Was Bo-Kaap been painted white? JiVE’s “Dala Your Colour” campaign brought the Bo-Kaap community, Mayor, MEC and Iziko together on 22 October 2020 to celebrate the vibrant colours and colourful people and traditions of Bo-Kaap.

The use of bright colours has great cultural significance in the Western Cape and in celebration of this heritage, the quintessentially Western Cape brand, Jive Cooldrinks, has brought Capetonians together to celebrate the significance of another iconic and colourful local cultural institution, Bo-Kaap.  

In order to raise awareness and create an opportunity for dialogue about the special character of Bo-Kaap’s colourful houses – and more significantly the rich culture of its people that deserve celebration – Jive received permission from four Bo-Kaap homeowners and the Iziko Bo-Kaap Museum to repaint their façades white.  

Bo-Kaap Museum and houses painted white for Jive’s campaign. (Image supplied)

Seeing these buildings, right at the postcard entrance to Bo-Kaap in upper Wale Street, without colour for a few days was intended to be a surprising reminder to Capetonians and visitors alike not take the tradition of the painted houses in Bo-Kaap for granted and to take renewed interest in this famous heritage area ahead of the summer tourism season – the first ever without its usual throngs of international tourists.  

Recognising and celebrating the significance of colour for the community, Jive hosted local historians, community leaders and dignitaries including Cape Town Mayor Dan Plato, MEC of Cultural Affairs and Sport Anroux Marais and Iziko Museums council chair Rod Solomons, for a collective and symbolic repainting of the façades of the Bo-Kaap Museum and the four adjacent homes in a ceremony in Wale Street. The festive occasion featured the Cape Town Seven Steps Minstrels band and cuisine that is typical of Bo-Kaap.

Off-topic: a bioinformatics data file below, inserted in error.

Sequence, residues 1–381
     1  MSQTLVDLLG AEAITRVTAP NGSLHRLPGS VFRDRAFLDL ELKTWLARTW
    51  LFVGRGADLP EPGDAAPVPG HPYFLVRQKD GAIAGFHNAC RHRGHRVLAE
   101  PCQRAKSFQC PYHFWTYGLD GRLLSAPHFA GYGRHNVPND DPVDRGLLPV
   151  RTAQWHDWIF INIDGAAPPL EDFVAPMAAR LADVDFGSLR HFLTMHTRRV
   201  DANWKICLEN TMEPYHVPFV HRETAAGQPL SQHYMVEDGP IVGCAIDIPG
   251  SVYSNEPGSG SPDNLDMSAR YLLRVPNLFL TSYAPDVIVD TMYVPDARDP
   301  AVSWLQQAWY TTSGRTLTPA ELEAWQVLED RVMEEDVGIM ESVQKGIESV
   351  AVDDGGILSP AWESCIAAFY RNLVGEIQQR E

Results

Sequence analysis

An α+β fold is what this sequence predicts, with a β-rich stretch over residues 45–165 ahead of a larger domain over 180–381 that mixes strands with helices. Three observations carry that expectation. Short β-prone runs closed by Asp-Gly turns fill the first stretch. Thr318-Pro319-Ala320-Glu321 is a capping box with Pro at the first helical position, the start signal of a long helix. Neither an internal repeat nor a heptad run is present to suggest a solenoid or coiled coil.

Seven Steps Minstrels (Image supplied)

Mr Sharief Parker, founder of Jive, a brand that like Bo-Kaap is synonymous with colour, community and celebration, spoke about the power of community, cultural heritage and celebration, and how resilient and caring South Africans were. Addressing the community, he made a surprise announcement, that Jive would be donating funds to the Bo-Kaap Community Garden, which is run by local community member Abieda Charles, and which provides food to hungry local families, as well as to the Bo-Kaap Cultural Hub’s feeding scheme, which is run by community member Masturah Adams.  

Bo-Kaap is indisputably one of South Africa’s most colourful and culturally unique neighbourhoods. Formerly known as the Cape Malay Quarter, Bo-Kaap’s origins date back to the 1760s, when numerous rental houses were built and leased to slaves.   

Some historians believe the colourful houses could be attributed to the fact that the community was originally required to keep the houses white, and in response later embraced the freedom to paint their homes in colours that signified important dates on their religious and family calendars. Other historians and community leaders say the neighbourhood’s colourful palette dates back to the mid 1980s, when homeowners began painting their homes as an act of self-expression, pride and community spirit.